Pakistan Strikes Back at Taliban

Taliban

In retaliation for the Taliban executing 23 Frontier Constabulary (FC) personnel, the Pakistani army had no viable option left but to strike back with vengeance against the Taliban. The Pakistan Air Force jets bombarded the secret hideouts of the Taliban.

Ever since the peace talks process had begun, most political commentators reportedly said both parties were not serious about the peace talks and were only biding time, for the opportune moment to strike. A fringe group affiliated with the TTP reignited the hostilities by killing 23 paramilitary FC personnel, and now it is Pakistan army’s turn to pay them back in kind.

According to unconfirmed reports, the Pakistan Air Force has heavily pounded the Pakistani Taliban hideouts in North Waziristan, the home base of TTP. There are reports that 40 people have been killed, and countless injured. The death toll and the number of injured is expected to rise significantly.

Such a move was always in the cards, as both Pakistan and the Taliban harbored deep grudges against each other even as the peace talks proceeded with Prime Minister Nawaz Sharif’s government.

The Pakistan People’s Party (PPP) was skeptical of the entire process and on countless occasions, asked the Pakistani army to take matters into their hands and strike with force. In this volatile scenario, Imran Khan, the chairman of the Pakistan Tehrik-e-Insaf (PTI), though refusing to represent the Taliban in the peace talks, was still optimistic about a positive outcome of the peace talks. It should be noted the PTI is in power in the war-torn northwestern province of Khyber Pukhtunkhawa (KP). KP shares a long and porous border with Afghanistan; it is this very no man’s land that is the hub of all criminal activity undertaken by the Taliban.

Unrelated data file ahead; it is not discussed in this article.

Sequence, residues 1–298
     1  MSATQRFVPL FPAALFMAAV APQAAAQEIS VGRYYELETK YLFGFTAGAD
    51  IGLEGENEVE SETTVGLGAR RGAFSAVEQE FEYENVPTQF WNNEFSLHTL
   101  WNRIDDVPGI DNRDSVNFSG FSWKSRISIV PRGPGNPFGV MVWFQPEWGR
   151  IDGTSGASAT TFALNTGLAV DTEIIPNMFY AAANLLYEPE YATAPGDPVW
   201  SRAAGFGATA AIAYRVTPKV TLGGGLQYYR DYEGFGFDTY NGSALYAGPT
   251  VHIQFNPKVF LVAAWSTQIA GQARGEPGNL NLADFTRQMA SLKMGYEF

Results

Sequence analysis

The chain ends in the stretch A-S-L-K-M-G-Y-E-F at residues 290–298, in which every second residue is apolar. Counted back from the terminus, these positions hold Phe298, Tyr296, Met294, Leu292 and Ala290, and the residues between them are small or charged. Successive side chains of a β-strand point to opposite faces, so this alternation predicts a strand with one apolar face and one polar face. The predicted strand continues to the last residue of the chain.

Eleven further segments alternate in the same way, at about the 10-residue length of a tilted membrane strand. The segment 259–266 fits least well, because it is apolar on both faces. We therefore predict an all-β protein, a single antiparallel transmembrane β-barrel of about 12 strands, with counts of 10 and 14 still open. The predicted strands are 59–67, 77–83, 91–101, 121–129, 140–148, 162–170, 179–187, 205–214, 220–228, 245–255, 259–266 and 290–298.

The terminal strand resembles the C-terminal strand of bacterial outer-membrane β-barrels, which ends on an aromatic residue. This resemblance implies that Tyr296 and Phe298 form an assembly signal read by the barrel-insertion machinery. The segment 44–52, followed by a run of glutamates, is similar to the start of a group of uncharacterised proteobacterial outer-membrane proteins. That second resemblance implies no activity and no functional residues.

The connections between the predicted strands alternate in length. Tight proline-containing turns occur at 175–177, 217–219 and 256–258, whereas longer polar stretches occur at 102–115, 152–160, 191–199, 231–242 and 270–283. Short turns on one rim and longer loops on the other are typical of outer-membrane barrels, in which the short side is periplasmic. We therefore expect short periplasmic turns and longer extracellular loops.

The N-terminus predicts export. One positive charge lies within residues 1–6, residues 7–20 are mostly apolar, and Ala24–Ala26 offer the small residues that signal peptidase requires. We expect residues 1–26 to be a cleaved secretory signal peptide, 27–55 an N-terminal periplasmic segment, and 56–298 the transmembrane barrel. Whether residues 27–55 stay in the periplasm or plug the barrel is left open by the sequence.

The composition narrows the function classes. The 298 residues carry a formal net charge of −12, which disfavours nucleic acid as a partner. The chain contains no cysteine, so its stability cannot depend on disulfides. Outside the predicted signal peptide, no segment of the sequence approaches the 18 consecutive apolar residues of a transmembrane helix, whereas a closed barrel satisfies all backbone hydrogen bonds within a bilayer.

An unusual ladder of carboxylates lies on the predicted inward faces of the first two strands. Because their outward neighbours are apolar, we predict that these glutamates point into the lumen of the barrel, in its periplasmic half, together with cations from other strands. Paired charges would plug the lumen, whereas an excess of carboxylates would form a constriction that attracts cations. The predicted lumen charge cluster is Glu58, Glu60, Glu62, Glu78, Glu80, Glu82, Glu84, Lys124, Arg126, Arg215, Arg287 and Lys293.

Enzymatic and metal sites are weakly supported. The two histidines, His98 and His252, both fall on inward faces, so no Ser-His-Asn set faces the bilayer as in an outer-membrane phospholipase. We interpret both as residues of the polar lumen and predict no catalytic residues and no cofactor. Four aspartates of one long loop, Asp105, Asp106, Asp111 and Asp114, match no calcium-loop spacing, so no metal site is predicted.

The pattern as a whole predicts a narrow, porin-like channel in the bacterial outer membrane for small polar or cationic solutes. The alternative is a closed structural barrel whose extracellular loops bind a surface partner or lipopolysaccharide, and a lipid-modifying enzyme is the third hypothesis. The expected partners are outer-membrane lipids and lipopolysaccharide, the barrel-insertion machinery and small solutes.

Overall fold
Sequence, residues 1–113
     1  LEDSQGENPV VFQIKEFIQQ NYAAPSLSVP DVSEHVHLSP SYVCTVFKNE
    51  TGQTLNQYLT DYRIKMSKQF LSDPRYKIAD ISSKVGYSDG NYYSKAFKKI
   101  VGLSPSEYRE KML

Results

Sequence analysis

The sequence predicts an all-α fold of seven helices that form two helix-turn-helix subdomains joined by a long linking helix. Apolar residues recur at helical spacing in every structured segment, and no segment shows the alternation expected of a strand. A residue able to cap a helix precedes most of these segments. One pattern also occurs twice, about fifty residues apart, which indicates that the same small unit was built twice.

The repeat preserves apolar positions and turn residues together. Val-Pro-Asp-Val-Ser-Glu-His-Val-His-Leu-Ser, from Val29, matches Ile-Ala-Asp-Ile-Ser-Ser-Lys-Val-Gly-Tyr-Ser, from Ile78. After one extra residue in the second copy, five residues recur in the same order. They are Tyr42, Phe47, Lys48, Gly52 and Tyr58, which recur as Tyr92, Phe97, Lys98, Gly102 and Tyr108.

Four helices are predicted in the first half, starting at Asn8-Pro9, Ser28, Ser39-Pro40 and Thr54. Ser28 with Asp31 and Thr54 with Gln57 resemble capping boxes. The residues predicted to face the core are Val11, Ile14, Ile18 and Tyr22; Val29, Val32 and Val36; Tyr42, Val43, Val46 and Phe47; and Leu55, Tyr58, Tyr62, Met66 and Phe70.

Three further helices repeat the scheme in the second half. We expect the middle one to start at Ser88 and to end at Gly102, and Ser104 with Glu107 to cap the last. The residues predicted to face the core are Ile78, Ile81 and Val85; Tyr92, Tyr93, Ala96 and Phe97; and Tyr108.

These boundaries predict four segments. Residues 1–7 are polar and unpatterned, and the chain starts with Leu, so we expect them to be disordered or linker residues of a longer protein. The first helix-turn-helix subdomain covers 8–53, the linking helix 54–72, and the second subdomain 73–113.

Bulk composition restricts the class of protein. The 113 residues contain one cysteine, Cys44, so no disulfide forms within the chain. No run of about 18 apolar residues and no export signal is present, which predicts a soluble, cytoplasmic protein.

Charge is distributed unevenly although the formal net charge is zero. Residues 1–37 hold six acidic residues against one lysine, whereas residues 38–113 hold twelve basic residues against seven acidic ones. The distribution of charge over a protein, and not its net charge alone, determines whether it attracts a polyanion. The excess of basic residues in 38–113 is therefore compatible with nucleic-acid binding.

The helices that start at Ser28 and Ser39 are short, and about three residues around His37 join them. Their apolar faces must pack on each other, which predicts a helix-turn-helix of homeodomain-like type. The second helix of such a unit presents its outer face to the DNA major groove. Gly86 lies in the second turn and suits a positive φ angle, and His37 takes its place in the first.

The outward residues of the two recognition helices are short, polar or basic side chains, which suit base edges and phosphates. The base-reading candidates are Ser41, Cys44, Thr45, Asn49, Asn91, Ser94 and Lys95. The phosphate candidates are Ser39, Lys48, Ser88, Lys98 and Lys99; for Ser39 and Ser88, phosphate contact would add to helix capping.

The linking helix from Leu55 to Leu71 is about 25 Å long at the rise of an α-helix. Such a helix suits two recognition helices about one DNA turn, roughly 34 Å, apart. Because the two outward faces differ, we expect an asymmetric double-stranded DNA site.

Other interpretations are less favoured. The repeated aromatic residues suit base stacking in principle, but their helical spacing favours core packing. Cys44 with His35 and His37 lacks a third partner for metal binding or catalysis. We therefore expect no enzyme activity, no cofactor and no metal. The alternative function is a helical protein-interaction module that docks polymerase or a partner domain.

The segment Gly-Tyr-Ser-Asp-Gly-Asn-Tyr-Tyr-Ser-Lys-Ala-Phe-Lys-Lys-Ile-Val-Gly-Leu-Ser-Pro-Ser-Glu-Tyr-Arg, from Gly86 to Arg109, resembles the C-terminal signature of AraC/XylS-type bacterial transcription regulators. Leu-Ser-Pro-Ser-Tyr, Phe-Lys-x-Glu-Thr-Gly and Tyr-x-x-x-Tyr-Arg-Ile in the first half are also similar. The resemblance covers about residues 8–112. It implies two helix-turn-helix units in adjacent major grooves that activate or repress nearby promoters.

Maulana Fazal-ur-Rehman, the head of JUI-F (Jamiat-e-Ulema, Fazal-ur-Rehman Group), was of the confirmed opinion that the success of the peace talks between the government and the Taliban  depended upon the stance of the Pakistani army. This is so because the Pakistani army has lost many of its troops at the hands of Taliban in the war on terror, and the Taliban lost its men at the hands of the Pakistani army.

It was apparent from day one that the government of Prime Minister Sharif and the Pakistani army were not on the same page as far as the issue of peace talks with the Taliban were concerned.  The government of Sharif was under pressure from the Obama administration to initiate the peace talks process. The Americans want some sort of security accord between the insurgents and the government to be in place before they pull out the ISAF and NATO troops from Afghanistan. The United States does not want to repeat the same mistakes it has committed in the past that consequently led to the 9/11 tragedy.

The futility of the peace talks process can be gauged from the fact that as the militants were engaged in defining the terms about the future of the region, some fringe elements continued their violent acts against innocent civilians, and the law and order situation was worsening in KP.

The ground reality is that there are many insurgent militant groups operating within Pakistan. Most of them are under the control of TTP, as the execution of FC personnel proved. The government is also bitterly divided on this important issue as there are elements inside the cabinet that are not in favor of peace talks with the militants. In such a situation, there was no other option left for the Pakistani army but to strike back at the Taliban, and thus restore its credibility.

By Iftikhar Tariq Khanzada

Los Angeles Times

Gulf News

Dawn

Leave a Reply

Your email address will not be published.